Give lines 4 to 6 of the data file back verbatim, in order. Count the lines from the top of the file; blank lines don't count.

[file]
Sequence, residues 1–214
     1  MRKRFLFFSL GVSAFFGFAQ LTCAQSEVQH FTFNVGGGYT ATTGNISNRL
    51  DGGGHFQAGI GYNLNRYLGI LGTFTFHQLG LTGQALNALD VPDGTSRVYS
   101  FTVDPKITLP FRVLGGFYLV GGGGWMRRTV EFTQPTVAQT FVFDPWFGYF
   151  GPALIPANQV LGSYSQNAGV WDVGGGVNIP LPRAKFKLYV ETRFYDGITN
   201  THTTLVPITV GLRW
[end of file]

   101  FTVDPKITLP FRVLGGFYLV GGGGWMRRTV EFTQPTVAQT FVFDPWFGYF
   151  GPALIPANQV LGSYSQNAGV WDVGGGVNIP LPRAKFKLYV ETRFYDGITN
   201  THTTLVPITV GLRW